Tech Tip Tuesday Cell Phone Design 10-18-2022

  • 17 October 2022
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Tech Tip Tuesday Cell Phone Design 10-18-2022


There was a time when a phone was used to make calls, now it keeps track of our appointments, allows us to shop from virtually anywhere, read emails, and watch pointless cat videos. The one feature most people rave about when it comes to phones though is oddly not the phone part at all, it is the camera most people are concerned about. Given the amount of real estate cell phone makers dedicate to their cameras, and the amount of resources that go into developing them, the major brands are also concerned about cameras.


This brings optics to the forefront and a cell phone has a lot of unique design challenges. We have high expectations of our phones, after all we carry them everywhere. They need to perform in all weather conditions, every type of lighting and not be damaged from shock, vibration or general carelessness. A tall order for any product, but to do all that and stay within the tolerances needed for an optical system, it is a very tall order.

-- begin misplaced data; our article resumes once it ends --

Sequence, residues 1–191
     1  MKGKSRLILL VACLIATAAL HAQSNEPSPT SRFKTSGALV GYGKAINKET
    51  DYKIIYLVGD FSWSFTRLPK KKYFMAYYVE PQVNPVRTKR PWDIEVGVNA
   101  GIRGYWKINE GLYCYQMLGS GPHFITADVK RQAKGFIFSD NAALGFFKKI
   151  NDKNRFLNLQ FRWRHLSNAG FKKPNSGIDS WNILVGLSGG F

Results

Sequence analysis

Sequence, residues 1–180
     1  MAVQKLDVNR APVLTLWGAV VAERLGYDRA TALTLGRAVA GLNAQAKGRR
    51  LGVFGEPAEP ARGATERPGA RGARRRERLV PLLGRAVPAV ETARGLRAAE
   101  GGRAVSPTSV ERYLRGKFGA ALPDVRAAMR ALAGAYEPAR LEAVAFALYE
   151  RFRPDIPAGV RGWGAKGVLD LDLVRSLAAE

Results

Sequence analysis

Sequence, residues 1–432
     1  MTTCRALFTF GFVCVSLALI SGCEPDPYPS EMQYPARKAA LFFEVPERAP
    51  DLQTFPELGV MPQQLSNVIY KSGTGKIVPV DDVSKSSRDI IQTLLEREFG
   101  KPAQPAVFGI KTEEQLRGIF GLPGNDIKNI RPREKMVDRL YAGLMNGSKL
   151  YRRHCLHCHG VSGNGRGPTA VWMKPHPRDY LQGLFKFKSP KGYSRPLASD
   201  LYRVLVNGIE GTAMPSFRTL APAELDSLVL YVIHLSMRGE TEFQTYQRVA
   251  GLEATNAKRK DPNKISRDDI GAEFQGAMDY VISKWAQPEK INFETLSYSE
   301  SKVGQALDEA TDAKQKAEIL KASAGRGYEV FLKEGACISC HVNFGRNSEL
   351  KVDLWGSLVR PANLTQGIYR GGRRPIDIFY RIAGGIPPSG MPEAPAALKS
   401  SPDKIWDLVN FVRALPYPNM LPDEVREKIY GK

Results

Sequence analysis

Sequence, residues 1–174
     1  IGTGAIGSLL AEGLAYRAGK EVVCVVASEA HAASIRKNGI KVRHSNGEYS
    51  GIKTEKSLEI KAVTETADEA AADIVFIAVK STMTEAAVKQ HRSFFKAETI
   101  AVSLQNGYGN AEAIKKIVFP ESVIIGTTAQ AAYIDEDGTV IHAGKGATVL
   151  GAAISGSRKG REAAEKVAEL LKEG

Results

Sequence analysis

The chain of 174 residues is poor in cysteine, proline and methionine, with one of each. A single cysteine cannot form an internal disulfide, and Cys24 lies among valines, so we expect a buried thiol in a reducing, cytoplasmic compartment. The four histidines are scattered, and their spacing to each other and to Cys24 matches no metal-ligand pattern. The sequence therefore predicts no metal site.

There are few ways that Ansys Zemax Optic Studio can help. There is an extensive material library to aid in selection of lens material, many options of both plastics and glass types depending on the design criteria.


Lens design is increasingly important when space is at a premium. OpticStudio supports Extended Even and Q-Type Aspheres, commonly used in cameras for cell phones.


Another element the helps to resolve the human or carelessness factor of the end user, is the way lenses are mounted in a cell phone. Phones tend to use interlocking step mounts on the lenses, so each lens locks into the next and allows the optical train to stay in alignment even with shock and jitter. To create these steps on the optics, OpticsBuilder in CREO or SPEOS available for CREO, NX or SpceClaim can be used to create these steps as CAD components which are mated to the optic and created from the same optical material. This allows the system to ray trace as though it were a monolithic element machined from a single piece of material as will be the case when it goes into production.   



Author: Steven LaCava, Senior Application Engineer


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